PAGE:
11. Did the other parent support your involvement as a parent?

  12. Did you have different parenting styles and if so, how were they resolved?

  13. Describe the co-parenting relationship.

  14. Describe some positive memories and interactions you had with your child.

  15. Discuss your feelings about these interactions.

  16. Discuss any significant trauma that occurred in the family's development that affected your relationship with the child.

  17. Talk about any difficulties you had with your child and any interactions with your child that have left you with strong memories one way or the other.

  18. Tell me about how you and your child's other parent grew apart? (Be careful how this is worded because you do not want to criticize the other parent to your child. Nevertheless, you should correct any lies, misperceptions, and fallacies with which you were slandered. Correct any misinformation about you but avoid as much as possible casting aspersions on the other parent.

    If this will be seen by your adult children, you can reveal a bit more about the transgressions of the of the parent if it is necessary to set the record straight about you. If you believe that you could have handled the separation from the other parent in a better manner, apologize for your mistakes. If you did make mistakes as we all dom, apologize. Your child will appreciate your objectivity but emphasize that when relationships fail, it is always 50-50. Request that your child also keep an open mind about the family’s history.

  19. Once you and your former partner separated, what events occurred that interfered with your relationship with your child?

  20. What efforts did you make to maintain a relationship with your child?

  21. What role did all the professionals who intervened in your child custody case play in the outcome of the legal situation and your rights to have a relationship with your child.

  22. Describe the cost to you in time, money, and energy in pursuing a relationship with your child.

  23. Describe any and all miscarriages of justices you were subjected to and any false cases of child abuse and domestic violence that were lodged against you.

  24. Is there anything you would have done differently had you had the opportunity to do over? (Many alienated fathers expressed to me that they had decided not to file legitimate abandonment and/or domestic violence charges against the mother so as not to hurt their child by seeing their mother sent to jail. In the end, these mothers used the system to file fallacious allegations against them, and the alienation resulted and/or was deepened.)

  25. Describe how the mental health, child protection, law enforcement, and judicial system perpetuated the alienation and interfered with your relationship with your child.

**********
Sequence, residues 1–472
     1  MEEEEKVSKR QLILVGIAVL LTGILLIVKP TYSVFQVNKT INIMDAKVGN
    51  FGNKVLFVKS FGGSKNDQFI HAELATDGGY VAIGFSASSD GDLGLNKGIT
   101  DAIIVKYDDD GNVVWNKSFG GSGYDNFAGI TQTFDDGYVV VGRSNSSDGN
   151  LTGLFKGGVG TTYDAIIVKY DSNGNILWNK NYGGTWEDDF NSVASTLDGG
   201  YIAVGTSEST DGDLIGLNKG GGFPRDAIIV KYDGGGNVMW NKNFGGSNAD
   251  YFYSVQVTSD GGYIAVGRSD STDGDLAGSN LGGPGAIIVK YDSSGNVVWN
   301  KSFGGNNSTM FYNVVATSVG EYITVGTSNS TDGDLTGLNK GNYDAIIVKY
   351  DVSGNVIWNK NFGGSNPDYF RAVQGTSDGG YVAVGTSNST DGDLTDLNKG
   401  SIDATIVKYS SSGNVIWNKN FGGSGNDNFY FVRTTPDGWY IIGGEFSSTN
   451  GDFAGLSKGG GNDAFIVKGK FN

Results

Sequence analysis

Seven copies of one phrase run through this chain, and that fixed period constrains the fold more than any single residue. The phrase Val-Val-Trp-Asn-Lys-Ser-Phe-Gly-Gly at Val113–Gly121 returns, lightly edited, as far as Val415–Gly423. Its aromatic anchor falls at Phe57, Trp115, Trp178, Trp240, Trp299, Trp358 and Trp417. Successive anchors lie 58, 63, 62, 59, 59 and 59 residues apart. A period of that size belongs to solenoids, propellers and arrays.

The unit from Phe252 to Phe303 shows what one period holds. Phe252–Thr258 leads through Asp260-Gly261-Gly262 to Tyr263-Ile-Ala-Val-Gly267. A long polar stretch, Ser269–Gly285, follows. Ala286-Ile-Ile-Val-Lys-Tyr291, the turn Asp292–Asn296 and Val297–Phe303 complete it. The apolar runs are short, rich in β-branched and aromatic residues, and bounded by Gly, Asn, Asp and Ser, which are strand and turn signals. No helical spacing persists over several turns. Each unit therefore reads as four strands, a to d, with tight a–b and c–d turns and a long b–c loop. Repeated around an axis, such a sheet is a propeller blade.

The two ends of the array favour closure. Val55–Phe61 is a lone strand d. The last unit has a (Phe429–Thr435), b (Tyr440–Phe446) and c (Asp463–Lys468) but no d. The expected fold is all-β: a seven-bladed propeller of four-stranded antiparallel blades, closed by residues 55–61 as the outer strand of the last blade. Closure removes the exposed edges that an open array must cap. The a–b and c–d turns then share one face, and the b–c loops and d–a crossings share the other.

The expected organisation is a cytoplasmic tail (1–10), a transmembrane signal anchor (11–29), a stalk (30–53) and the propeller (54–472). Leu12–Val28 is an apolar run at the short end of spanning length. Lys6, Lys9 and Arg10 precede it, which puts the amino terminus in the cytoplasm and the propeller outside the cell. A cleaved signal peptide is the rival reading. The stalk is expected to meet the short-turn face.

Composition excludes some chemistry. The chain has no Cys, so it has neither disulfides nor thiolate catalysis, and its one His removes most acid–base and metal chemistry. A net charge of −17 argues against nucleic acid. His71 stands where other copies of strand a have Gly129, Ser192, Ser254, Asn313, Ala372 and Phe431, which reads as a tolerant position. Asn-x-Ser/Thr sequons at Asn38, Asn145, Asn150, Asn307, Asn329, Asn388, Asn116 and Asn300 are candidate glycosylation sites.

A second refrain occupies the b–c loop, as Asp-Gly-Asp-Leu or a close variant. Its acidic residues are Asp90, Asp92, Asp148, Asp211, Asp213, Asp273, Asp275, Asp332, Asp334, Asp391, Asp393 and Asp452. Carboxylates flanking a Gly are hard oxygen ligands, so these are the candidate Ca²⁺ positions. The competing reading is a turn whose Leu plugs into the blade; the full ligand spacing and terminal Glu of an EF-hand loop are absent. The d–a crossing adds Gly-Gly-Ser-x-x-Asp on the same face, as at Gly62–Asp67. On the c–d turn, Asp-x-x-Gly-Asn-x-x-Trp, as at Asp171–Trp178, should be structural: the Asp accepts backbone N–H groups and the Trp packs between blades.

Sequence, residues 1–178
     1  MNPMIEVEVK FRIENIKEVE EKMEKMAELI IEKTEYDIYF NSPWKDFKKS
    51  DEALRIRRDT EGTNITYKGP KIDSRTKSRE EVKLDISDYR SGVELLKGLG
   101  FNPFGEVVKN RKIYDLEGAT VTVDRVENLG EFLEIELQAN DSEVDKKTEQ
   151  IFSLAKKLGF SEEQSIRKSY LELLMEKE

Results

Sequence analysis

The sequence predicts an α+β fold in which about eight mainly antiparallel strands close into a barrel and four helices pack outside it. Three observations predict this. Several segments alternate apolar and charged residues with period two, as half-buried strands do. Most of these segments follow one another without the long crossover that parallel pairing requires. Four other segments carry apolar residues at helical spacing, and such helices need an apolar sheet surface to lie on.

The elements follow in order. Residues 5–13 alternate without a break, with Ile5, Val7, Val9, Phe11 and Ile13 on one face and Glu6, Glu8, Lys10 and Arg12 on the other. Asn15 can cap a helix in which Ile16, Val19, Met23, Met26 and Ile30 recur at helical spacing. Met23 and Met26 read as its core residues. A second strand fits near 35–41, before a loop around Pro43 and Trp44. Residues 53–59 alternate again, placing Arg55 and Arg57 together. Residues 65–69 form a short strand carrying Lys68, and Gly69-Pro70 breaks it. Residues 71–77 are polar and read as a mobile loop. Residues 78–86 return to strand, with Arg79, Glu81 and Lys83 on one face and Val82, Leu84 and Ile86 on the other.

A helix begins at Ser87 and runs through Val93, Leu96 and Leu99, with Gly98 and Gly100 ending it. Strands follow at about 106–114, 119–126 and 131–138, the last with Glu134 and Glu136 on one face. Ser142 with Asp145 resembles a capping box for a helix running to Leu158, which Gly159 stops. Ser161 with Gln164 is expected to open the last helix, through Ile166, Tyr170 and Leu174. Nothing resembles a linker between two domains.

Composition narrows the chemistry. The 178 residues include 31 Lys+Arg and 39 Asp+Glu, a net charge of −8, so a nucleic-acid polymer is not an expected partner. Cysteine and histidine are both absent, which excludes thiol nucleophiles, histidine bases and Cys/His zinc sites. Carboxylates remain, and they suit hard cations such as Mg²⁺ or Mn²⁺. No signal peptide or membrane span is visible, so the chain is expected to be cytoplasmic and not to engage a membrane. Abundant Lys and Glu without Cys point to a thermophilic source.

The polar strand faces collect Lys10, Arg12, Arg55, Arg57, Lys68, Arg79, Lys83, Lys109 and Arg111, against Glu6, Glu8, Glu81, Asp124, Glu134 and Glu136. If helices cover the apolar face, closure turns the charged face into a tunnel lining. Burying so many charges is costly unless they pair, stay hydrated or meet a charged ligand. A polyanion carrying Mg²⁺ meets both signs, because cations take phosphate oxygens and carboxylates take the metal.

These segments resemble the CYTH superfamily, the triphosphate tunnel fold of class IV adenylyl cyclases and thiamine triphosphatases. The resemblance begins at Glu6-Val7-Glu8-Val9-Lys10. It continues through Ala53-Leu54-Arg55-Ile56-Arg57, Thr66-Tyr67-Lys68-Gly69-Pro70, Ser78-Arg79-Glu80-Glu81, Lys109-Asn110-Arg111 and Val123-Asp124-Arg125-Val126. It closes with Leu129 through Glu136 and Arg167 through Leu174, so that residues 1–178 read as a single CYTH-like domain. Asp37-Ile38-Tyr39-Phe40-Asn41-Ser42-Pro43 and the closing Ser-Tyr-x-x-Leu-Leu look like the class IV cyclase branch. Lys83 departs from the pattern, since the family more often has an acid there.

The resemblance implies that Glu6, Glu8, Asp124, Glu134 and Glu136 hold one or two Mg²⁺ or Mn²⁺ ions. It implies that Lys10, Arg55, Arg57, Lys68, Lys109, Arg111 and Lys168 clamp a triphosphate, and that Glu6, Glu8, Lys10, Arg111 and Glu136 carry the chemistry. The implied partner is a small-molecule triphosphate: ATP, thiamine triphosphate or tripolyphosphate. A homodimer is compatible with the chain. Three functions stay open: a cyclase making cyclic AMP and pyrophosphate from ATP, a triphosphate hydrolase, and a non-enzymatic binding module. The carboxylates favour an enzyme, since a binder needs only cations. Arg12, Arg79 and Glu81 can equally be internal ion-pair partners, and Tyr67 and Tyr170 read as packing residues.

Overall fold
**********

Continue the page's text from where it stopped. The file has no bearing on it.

26. If you were to have the ear of the professional who intervene in child custody, including the lawyer for the child and the judge, what recommendations would you make to change how we adjudicate child custody?

  27. What was your biggest regret during this entire trauma?

  28. What are the fears and concerns that you have for your alienated child?

  29. What has the loss of your child meant to you?

  30. How has the loss of your child changed your life?

  31. Do you know how your child is doing, how and what is happening in their lives?

  32. How has it affected you that you are not participating in these events with your child?

  33. Do not hold back your tears as your children should know how painful this experience has been for you.
We are sure that there are many more questions that could be asked which would convey to your child what this ordeal has been like. In fact, we would welcome anyone to make additional suggestions as to what could be asked. Please email them to lmft@version.net or to PASIntervention@aol.com If you feel you are a victim of parental alienation or know someone who is, we highly recommend you read the following two books listed by author alphabetically:

Joan Kloth-Zanard's, Where Did I Go Wrong? How Did I Miss the Signs? Dealing with Hostile Parenting and Parental Alienation, as well as visiting her Federal Tax-exempt organizations website, www.PAS-Intervention.com.

Linda Gottlieb’s The Parental Alienation Syndrome: A Family Therapy and Collaborative Systems Approach to Amelioration and visit her site, www.EndParentalAlienation.com.

Additionally, it is recommended that you join one of the FREE International Online Support groups sponsored by PAS at www. PAS-Intervention.com, then click on the link for FREE Online Support Groups.